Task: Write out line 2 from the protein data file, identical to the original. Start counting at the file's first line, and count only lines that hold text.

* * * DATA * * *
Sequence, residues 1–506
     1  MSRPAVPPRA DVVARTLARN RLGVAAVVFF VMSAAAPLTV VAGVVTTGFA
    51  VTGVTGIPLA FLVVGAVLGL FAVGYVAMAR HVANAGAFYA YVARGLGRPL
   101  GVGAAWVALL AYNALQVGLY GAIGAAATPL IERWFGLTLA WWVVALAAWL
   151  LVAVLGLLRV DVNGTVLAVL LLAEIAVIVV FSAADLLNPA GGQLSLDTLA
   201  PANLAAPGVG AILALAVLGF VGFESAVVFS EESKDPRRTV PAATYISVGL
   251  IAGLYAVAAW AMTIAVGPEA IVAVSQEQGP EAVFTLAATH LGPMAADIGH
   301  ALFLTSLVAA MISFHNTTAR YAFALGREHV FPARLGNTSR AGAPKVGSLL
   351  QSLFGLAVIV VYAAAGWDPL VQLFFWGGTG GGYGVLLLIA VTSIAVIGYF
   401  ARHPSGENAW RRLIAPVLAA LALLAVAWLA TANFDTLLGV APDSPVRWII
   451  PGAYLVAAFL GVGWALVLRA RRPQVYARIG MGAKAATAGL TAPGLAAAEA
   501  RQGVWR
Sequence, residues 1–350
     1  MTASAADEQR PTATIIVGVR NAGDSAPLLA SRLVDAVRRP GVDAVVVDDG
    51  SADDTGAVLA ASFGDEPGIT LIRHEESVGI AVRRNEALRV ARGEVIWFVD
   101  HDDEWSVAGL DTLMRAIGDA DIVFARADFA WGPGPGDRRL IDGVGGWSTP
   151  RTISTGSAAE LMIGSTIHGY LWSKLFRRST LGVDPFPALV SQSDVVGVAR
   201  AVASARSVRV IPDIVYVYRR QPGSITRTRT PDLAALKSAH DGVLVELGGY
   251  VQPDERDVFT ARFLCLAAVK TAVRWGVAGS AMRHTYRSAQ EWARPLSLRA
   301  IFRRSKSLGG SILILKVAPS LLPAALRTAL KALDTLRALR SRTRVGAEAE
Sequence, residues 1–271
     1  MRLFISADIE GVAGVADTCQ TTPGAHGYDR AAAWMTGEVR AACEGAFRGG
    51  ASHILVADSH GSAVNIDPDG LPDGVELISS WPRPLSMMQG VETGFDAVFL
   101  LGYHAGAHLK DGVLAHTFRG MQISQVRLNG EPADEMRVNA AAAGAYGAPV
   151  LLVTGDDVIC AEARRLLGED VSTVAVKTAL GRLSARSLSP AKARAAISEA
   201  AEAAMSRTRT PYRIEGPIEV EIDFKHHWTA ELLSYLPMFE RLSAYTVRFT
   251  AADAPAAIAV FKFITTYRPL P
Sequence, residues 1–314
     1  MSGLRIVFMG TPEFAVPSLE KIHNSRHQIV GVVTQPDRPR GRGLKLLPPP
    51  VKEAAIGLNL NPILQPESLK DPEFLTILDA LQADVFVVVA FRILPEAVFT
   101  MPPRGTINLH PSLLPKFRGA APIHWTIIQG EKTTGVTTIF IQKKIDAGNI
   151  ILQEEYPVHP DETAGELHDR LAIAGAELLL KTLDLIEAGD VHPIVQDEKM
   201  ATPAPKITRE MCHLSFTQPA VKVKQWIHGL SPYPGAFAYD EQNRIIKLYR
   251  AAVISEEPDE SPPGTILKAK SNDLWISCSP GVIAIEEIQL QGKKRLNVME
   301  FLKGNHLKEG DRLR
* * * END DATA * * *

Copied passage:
     1  MSRPAVPPRA DVVARTLARN RLGVAAVVFF VMSAAAPLTV VAGVVTTGFA